Imperilled Franco-German Armament Projects
endanger European Defense Plans

April 30, 2021 | European Security and Defense

Executive Summary

France and Germany want to lead on European defense but are not yet in lockstep

  1. Key Franco-German armament projects provide an opportunity to increase the EU’s overall strategic autonomy, to consolidate the fragmented European defence sector, and to leverage synergies.
     

  2. Yet, several cultural and systemic hurdles persist, such as different strategic requirements and industry set-ups as well as export regulations, project governance and political decision-making processes.
     

  3. The federal election in Germany in September 2021, and in particular the likely participation of the Greens in the next government, will be decisive for such joint projects and their effect on Europe.

Watch out for

  • June 2021: German Bundestag decision on next stage for MGCS and FCAS expected, with prior agreement needed on Intellectual Property Rights (for FCAS) and distribution of work packages (for MGCS).
     

  • 26 September 2021: Federal election in Germany, followed by coalition talks
     

  • 10-24 April 2022: Presidential election in France (two rounds)

Key Facts

  • Future Combat Air System (FCAS): joint French (lead nation) – German – Spanish program; successor system of French Rafale and German Eurofighter fleet; planned entry into service in 2040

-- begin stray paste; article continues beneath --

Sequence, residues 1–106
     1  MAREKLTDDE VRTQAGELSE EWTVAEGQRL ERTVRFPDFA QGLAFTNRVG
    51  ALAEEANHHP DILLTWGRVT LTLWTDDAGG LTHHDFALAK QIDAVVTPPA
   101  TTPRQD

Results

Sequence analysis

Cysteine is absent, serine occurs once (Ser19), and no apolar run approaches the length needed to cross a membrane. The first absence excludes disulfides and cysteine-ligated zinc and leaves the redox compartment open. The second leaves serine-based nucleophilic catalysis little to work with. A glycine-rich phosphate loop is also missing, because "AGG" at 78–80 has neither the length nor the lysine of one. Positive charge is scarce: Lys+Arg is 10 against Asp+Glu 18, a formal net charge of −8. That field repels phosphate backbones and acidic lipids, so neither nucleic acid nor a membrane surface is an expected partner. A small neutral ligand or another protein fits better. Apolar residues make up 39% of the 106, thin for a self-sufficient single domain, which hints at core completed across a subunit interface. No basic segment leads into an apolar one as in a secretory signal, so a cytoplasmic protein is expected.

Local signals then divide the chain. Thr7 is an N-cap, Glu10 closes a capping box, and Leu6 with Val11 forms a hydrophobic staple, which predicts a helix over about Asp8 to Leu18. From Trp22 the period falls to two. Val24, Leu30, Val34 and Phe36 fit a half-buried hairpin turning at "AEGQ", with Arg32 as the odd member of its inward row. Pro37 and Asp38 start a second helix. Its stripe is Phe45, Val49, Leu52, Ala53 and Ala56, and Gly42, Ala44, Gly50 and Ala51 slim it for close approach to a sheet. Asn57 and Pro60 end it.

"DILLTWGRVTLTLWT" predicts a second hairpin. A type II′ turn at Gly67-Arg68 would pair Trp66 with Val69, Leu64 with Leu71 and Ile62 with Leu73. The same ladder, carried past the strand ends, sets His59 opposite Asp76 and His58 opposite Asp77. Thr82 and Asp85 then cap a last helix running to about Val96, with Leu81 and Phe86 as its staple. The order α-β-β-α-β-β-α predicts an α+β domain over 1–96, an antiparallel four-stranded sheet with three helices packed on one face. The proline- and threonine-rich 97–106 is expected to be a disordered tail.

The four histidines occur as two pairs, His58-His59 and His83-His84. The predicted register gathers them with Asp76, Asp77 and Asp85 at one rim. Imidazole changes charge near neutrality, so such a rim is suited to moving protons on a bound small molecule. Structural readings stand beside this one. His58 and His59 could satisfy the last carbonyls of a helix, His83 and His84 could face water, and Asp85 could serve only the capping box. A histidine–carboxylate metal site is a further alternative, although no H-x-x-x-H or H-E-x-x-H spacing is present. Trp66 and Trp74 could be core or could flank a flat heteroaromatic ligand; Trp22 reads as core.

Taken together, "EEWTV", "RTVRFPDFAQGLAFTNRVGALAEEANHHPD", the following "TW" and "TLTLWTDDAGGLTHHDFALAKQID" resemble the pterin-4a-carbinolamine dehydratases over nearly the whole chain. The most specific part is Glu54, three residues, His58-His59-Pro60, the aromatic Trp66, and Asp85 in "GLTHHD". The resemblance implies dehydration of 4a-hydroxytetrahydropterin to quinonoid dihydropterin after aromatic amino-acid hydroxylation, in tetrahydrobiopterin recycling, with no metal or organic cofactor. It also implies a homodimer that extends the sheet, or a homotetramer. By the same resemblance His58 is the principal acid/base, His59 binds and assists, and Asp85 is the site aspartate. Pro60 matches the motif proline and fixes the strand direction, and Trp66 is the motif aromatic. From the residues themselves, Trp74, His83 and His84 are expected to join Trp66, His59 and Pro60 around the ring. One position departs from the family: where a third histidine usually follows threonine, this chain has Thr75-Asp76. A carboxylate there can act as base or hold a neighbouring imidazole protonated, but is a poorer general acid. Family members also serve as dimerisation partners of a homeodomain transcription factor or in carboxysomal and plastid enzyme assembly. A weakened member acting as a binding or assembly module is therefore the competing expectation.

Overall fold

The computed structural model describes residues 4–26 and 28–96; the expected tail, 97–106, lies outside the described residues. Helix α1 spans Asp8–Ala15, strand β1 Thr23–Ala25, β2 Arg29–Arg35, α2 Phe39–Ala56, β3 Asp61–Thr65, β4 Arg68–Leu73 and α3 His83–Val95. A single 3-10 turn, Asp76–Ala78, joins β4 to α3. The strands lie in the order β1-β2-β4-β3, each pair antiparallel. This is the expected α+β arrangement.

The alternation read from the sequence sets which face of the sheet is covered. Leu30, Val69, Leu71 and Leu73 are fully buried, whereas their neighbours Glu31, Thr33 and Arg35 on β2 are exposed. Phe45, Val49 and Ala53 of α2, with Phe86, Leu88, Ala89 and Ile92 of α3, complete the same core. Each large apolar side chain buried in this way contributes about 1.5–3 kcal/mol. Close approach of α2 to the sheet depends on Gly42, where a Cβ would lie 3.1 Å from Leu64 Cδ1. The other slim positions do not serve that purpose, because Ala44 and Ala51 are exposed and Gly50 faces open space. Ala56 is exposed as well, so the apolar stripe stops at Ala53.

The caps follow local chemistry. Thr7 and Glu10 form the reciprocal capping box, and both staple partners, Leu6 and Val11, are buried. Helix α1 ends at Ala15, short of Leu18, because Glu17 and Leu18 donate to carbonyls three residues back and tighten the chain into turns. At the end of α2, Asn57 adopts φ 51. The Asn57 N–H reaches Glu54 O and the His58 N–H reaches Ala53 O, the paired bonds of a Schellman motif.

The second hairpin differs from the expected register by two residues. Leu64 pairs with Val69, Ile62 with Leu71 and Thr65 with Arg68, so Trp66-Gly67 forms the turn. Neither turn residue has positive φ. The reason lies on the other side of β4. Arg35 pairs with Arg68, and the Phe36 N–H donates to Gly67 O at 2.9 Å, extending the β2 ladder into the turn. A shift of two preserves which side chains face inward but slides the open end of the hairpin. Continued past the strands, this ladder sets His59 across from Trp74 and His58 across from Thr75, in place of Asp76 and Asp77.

• Main Ground Combat System (MGCS): joint German (lead nation) – French program; successor system for German Leopard and French Leclerc battle tank; planned entry into service in 2035.
     

State of Play

Joint Franco-German armament projects are at risk – again

For months, Paris and Berlin have been struggling to enter the next development phase for FCAS. Recently, French company Dassault Aviation announced an agreement regarding the division of the work packages between all main industry partners, including European aircraft manufacturer Airbus. Nevertheless, a final agreement on Intellectual Property Rights (IPR) is still pending. In the 2019 Treaty of Aachen, France and Germany had agreed to support the closest possible cooperation between their respective defense industries. Yet, the case of the FCAS illustrates their difficult relationship when it comes to armament cooperation. Already once, a common effort to build a European fighter jet ended up in separate projects, the British-German-Italian Eurofighter and the French-only Rafale. Developing the FCAS now and commissioning it by 2040 is Europe’s most ambitious defence endeavour. The overall costs are not quantified but estimates vary between €50-100 bn. Together with the Main Ground Combat System (MGCS) – a smaller German-led project, but still with an expected double-digit billion Euro budget– it is seen as a litmus test for French-German armament cooperation. Politically, both projects are closely connected but they vary in volume, timeline and set-up. In addition, cultural and systemic hurdles are in the way of better using synergies between member states and increasing the EU’s strategic autonomy.

Key Issues

Aligning different strategic requirements and industry set-ups